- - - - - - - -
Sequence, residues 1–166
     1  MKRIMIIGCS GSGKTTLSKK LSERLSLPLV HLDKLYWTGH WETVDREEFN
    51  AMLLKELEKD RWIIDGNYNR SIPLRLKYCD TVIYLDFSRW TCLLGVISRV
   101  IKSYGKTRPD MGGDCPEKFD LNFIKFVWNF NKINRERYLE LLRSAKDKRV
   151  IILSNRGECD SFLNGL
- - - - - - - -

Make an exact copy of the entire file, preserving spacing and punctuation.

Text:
Sequence, residues 1–166
     1  MKRIMIIGCS GSGKTTLSKK LSERLSLPLV HLDKLYWTGH WETVDREEFN
    51  AMLLKELEKD RWIIDGNYNR SIPLRLKYCD TVIYLDFSRW TCLLGVISRV
   101  IKSYGKTRPD MGGDCPEKFD LNFIKFVWNF NKINRERYLE LLRSAKDKRV
   151  IILSNRGECD SFLNGL